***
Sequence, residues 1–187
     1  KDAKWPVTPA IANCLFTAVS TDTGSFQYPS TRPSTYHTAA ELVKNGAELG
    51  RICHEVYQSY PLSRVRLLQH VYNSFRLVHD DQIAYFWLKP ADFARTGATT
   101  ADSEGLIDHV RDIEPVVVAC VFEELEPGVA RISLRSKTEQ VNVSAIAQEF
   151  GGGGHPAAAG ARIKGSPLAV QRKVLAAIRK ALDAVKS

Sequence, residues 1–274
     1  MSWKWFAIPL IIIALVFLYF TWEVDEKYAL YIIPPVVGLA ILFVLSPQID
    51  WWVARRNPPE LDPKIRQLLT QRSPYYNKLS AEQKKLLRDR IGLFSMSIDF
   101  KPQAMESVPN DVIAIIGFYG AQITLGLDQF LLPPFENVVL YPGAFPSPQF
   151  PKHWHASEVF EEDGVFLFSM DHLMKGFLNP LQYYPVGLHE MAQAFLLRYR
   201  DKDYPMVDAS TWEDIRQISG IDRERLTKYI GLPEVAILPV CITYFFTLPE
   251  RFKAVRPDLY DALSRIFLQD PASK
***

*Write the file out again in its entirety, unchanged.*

Sequence, residues 1–187
     1  KDAKWPVTPA IANCLFTAVS TDTGSFQYPS TRPSTYHTAA ELVKNGAELG
    51  RICHEVYQSY PLSRVRLLQH VYNSFRLVHD DQIAYFWLKP ADFARTGATT
   101  ADSEGLIDHV RDIEPVVVAC VFEELEPGVA RISLRSKTEQ VNVSAIAQEF
   151  GGGGHPAAAG ARIKGSPLAV QRKVLAAIRK ALDAVKS

Sequence, residues 1–274
     1  MSWKWFAIPL IIIALVFLYF TWEVDEKYAL YIIPPVVGLA ILFVLSPQID
    51  WWVARRNPPE LDPKIRQLLT QRSPYYNKLS AEQKKLLRDR IGLFSMSIDF
   101  KPQAMESVPN DVIAIIGFYG AQITLGLDQF LLPPFENVVL YPGAFPSPQF
   151  PKHWHASEVF EEDGVFLFSM DHLMKGFLNP LQYYPVGLHE MAQAFLLRYR
   201  DKDYPMVDAS TWEDIRQISG IDRERLTKYI GLPEVAILPV CITYFFTLPE
   251  RFKAVRPDLY DALSRIFLQD PASK